They are still cast, though the modern technique uses disposable foam patterns, as opposed to the reusable wood patterns of the past. I think Saturn was one of the pioneers of this.

It’s rather skimpy, but here is a link to the wikipedia article on lost foam casting

In addition to the capital cost, the process is slow, finish and dimensional control is poor, and material choice is quite restricted. Aluminum in particular is a difficult material for all of these deposition processes. Titanium is one of the favorable materials, though, so aerospace applications with big budgets and low volume suit the process well. As a former insider, I’d be very surprised if the technology became ubiquitous enough for the automotive industry, including exotics, in my lifetime…well engine blocks anyway. There just might be a couple fellows making valves for racing applications already.

  1. Are any modern engines made by building up from seperate pieces? The 1930’s Crosley used an engine made by screwing cylinders into a base block. This was for air cooled engines, was the technique useable for water-cooled engines.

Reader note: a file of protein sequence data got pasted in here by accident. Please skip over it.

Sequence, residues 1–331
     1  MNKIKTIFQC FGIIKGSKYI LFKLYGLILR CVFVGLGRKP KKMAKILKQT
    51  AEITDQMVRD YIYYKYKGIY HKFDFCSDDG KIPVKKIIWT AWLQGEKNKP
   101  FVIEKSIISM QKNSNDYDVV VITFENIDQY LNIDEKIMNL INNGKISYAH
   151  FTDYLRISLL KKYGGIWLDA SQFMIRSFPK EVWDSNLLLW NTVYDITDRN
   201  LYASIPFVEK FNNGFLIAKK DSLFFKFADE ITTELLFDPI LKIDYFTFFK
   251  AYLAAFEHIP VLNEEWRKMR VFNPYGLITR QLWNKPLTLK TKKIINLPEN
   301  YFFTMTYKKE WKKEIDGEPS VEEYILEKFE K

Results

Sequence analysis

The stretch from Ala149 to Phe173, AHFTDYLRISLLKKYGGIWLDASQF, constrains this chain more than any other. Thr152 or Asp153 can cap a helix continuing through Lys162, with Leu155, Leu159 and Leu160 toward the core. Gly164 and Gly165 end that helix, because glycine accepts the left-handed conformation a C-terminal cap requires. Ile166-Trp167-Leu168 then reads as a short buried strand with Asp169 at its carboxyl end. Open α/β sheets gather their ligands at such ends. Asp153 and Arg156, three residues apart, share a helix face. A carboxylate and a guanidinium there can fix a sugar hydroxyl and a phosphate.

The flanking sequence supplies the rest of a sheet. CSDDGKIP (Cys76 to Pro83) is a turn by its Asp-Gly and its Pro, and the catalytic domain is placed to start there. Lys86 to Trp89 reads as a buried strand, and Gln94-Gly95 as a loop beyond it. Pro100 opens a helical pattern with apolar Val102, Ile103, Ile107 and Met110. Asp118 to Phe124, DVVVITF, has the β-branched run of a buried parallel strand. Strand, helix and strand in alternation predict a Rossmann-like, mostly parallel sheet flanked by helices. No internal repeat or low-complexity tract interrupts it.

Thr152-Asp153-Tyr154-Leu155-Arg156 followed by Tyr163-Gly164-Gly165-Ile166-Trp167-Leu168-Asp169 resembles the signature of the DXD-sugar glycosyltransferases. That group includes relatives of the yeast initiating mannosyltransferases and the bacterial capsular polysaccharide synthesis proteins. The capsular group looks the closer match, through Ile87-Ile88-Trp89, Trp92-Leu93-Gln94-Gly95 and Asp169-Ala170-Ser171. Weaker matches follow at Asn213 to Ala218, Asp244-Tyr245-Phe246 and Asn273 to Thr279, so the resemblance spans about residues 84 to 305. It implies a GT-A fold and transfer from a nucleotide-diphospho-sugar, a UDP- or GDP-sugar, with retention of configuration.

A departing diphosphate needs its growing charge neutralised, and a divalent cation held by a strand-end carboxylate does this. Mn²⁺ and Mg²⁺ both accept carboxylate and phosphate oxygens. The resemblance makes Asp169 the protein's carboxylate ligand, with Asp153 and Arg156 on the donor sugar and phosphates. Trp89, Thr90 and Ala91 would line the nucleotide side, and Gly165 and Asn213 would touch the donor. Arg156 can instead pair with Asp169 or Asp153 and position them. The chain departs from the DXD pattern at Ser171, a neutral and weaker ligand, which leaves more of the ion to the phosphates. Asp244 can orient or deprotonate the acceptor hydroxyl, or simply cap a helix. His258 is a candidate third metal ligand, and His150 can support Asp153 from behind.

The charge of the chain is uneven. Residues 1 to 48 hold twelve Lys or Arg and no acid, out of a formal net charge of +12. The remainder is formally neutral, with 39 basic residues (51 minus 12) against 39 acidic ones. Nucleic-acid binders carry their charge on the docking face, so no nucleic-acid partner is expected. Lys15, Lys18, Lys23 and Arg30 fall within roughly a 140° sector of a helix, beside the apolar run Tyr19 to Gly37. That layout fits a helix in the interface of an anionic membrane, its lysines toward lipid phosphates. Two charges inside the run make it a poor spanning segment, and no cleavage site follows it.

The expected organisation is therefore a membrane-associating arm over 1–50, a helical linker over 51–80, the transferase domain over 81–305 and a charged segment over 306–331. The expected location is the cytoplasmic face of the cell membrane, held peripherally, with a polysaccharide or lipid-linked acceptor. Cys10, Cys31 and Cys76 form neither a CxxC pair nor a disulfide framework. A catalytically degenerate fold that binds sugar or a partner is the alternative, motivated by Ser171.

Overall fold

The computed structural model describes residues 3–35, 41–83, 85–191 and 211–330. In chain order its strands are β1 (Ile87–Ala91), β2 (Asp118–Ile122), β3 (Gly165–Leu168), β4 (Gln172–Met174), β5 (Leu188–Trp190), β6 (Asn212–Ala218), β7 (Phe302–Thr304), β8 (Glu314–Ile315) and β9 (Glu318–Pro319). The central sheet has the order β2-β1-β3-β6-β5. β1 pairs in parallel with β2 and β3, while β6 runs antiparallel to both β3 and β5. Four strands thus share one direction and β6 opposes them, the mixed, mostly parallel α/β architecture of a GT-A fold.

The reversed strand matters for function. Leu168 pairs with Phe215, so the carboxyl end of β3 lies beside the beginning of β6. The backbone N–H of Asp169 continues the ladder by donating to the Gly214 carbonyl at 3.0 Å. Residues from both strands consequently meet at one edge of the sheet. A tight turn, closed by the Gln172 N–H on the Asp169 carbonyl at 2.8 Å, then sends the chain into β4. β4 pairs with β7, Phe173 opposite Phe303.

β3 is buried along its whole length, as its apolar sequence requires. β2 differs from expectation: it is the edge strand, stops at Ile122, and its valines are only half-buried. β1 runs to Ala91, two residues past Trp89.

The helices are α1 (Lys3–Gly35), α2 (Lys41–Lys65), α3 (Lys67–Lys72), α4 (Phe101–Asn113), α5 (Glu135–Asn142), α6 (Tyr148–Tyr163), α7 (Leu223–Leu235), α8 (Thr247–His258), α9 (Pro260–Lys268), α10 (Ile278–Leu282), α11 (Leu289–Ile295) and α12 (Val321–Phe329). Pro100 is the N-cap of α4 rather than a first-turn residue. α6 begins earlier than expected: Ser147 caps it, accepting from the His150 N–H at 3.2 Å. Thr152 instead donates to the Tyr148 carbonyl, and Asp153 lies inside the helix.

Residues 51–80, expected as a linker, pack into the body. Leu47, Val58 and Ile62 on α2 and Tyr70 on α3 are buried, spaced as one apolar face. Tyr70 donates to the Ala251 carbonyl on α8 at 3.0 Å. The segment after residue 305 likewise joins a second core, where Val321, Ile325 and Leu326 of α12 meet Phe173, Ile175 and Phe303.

2. the 1920’s Bugatti 12 cylinder engine was made by machining down a single cast block of steel-that must have been a big job-have any modern engines been made this way?

The old 4-cylinder, air-cooled Volkswagen engine in the Bug was made that way. There was a central aluminim crank case on which the cylinders were mounted by long machine screws. One of the easy things to do was to strip the threads in the block when installing the cylinders. Then you had to use a Helicoil[sup]R[/sup] insert to hold the screws.

Reminds me of my old BSA 650cc

But I used bolts and extra long studs with nuts at both ends to avoid the steel/alloy problems.

It helped that after Imperial my father did an apprenticeship at Napiers, and was a real hound when it came to rescuing potentially jettisoned parts.

Mixing metals and threads is asking for trouble, it is like mating monkeys with kangaroos.